With employers currently struggling to lure workers back to the office and keep them motivated, perks seem one obvious answer. Maybe a team happy hour, a sponsored gym membership, or some coaching on the company could keep your team happy, engaged, and willing to commute every once in a while?
But while this line of thinking sounds sensible, a recent Twitter thread should cause entrepreneurs to think a little harder. The discussion was kicked off by a question from developer relations pro and podcaster Jessica Rose directed to tech workers:
Judging by the many, many impassioned replies to Rose’s tweet, there are a whole lot of supposed perks out there that actually act as a huge turnoff to many workers, including
Unlimited vacation policies. The limitations of these policies have been well-documented, and it appears many workers are completely aware that “take all the vacation you want!” often translates to “feel guilty about taking any vacation at all!” This was by far the most common answer, with designer Tristan Howard summing up the consensus view: “Unlimited vacation: Feels like: wow, so much vacation and flexibility! Actually is: a way to dodge paying out vacation to departing employees; reduced vacation due to unclear expectations; varied/inconsistent.”
Open-plan offices (even if they’re “nice” or “funky”). If employees’ endless complaints about the distractions of open-plan offices weren’t enough to convince management to get rid of them, decisive studies showing they’re terrible for collaboration and innovation should have been. But some companies are still trying to sell open-plan designs by adding a thick layer of design on top of a wall-less room.
Hint: Your team isn’t buying it. “Funky offices. Still an open plan office that’s really hard to work from, no matter how much glass & fake greenery there is,” says machine learning scientist Catherine Breslin.
Alcohol in the office. Sure, grabbing a beer with colleagues now and again can be a nice way to bond, but several respondents reported bad experiences with free alcohol available at the office. “I do not want to be around drunk co-workers in the office, and it tends to turn into boy-clubs,” noted communications manager Wendy Fritscher. “A place I used to work at let us drink anything at work, and plenty of people sat around drinking beer all day,” reports someone with the handle @raw_stanky.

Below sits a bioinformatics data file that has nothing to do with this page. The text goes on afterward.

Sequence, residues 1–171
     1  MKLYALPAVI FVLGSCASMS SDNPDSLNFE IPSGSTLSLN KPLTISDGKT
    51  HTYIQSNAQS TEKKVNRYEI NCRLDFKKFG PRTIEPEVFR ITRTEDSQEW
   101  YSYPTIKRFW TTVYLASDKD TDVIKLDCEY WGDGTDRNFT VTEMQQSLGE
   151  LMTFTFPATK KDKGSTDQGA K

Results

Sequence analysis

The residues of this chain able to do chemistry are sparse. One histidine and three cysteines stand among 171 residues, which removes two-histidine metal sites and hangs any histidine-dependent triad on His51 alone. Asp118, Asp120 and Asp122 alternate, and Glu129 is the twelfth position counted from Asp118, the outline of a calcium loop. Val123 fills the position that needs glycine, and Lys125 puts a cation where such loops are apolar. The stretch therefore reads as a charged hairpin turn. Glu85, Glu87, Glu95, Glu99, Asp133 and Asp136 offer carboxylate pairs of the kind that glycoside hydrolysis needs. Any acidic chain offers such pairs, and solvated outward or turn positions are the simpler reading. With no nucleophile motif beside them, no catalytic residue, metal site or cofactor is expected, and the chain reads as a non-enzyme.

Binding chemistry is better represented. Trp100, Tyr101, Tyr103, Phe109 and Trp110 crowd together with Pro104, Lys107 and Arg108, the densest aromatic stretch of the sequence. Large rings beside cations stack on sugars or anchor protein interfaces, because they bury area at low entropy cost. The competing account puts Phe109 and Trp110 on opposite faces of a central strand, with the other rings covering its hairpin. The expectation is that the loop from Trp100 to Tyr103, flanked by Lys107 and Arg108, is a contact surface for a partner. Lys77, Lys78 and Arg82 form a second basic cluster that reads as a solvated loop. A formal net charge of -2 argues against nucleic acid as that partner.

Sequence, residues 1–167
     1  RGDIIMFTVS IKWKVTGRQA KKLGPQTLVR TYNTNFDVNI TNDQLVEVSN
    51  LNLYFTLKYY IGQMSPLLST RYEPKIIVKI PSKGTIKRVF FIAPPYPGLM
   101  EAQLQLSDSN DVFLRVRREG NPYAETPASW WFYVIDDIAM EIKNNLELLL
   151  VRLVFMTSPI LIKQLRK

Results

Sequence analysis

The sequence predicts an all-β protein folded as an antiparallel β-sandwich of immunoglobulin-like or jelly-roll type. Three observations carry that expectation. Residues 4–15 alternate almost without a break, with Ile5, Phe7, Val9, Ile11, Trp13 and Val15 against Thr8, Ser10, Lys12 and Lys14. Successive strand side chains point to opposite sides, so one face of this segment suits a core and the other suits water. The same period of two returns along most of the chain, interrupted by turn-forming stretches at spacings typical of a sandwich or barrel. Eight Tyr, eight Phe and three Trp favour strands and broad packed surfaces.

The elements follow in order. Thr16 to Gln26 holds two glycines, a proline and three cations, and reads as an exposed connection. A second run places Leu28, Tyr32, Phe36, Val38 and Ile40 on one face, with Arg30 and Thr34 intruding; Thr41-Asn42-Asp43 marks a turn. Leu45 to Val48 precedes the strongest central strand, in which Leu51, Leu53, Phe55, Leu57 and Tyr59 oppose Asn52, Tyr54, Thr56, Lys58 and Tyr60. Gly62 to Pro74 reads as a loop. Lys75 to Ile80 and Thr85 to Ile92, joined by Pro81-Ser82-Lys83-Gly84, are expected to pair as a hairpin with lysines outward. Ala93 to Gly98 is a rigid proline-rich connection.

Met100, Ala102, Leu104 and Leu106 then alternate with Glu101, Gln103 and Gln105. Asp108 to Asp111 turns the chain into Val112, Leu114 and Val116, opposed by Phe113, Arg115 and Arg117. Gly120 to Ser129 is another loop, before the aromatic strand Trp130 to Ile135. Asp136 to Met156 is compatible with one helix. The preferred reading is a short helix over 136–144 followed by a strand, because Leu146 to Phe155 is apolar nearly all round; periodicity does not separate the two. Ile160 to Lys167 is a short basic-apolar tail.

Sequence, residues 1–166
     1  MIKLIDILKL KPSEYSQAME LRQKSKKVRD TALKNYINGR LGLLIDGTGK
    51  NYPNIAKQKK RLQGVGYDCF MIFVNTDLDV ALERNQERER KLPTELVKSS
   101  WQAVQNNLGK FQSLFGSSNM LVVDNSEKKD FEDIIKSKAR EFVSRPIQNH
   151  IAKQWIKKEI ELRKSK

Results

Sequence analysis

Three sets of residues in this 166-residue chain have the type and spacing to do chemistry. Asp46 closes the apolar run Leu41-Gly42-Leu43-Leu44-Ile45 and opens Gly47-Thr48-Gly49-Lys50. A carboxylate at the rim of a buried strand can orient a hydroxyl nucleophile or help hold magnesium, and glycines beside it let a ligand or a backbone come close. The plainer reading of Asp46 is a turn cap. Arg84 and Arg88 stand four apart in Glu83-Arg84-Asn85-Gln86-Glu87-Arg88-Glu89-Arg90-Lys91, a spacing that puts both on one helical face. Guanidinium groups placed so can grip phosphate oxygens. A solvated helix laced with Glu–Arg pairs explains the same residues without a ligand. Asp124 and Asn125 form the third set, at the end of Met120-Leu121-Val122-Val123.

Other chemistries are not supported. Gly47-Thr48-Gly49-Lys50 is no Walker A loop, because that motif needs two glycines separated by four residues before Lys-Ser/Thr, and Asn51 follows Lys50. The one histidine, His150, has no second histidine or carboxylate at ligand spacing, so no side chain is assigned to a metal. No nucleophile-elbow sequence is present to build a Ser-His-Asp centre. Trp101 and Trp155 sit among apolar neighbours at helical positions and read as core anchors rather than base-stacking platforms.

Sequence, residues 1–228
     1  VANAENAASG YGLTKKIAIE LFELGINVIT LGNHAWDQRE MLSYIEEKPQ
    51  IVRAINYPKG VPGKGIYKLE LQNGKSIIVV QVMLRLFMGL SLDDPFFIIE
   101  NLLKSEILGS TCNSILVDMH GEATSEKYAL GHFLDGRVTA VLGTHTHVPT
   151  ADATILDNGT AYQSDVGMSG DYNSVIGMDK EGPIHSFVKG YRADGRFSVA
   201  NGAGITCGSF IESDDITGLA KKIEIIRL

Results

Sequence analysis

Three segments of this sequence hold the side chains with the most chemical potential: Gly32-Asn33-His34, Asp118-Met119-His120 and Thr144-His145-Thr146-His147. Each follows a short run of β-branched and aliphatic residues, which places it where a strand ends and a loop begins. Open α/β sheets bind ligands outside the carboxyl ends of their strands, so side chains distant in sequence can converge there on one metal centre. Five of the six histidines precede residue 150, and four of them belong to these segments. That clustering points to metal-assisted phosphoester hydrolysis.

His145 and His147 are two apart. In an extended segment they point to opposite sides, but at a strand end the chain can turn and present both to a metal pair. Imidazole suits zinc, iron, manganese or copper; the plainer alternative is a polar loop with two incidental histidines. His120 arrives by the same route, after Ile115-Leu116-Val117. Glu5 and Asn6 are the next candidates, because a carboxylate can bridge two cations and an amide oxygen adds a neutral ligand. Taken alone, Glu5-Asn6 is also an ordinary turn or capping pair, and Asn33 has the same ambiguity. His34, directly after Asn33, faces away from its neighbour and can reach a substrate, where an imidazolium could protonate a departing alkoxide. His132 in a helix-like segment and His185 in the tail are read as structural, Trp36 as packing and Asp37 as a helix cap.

- Whatever crazy team-building activity you’re considering. Respondents complained about a whole host of different “team-building” activities, from ski trips to paintball (really???). While tastes in recreational activities clearly differ, the overarching theme seems to be that employees are wildly suspicious of any kind of forced fun with co-workers. @whatsupdangerrr put it simply: “I don’t want to go to the Bahamas with Dennis from accounting.”
- Nap pods and onsite gyms. At first glance, it seems these would signal a company is looking out for your health and well-being, but most people joining the discussion felt they really signal your employer expects you to basically never leave the office. “I remember touring one office that bragged about how they had ‘nap rooms with beds’ for the employees plus in office laundry. I was a baby dev back then so I didn’t recognize it as a red flag, but looking back now I see that was a huge one,” relates game developer @Rezllen.
This is far from a complete list, so check out the entire conversation on Twitter if you’re curious about lots more less-frequently mentioned “anti-perks.”
What do employees really want?
This discussion is a healthy warning to employers to think carefully about the perks they offer, but it also begs an important question. If many workers are suspicious of these popular so-called perks, what benefits and extras are they actually impressed by? In its own write-up of the Twitter convo above, newsletter the Hustle offers a useful, science-backed answer.
“Recent research suggests workers are more interested in perks that align with their values,” claims the newsletter, offering the examples of “location-agnostic pay, which encourages employees to work from wherever they want” and “generous leave policies, including more time for maternity and paternity leave.” Business thinkers have also pointed out that the best perk of all is really a healthy and productive company culture.
Real perks, it seems, are all about empowering employees to work in whatever way allows them to do their best work over the long haul. Anti-perks might appear to support employees on the surface but are really about either trying to force them into some particular narrow definition of company culture or manipulate them into working longer and harder than is fair or sustainable.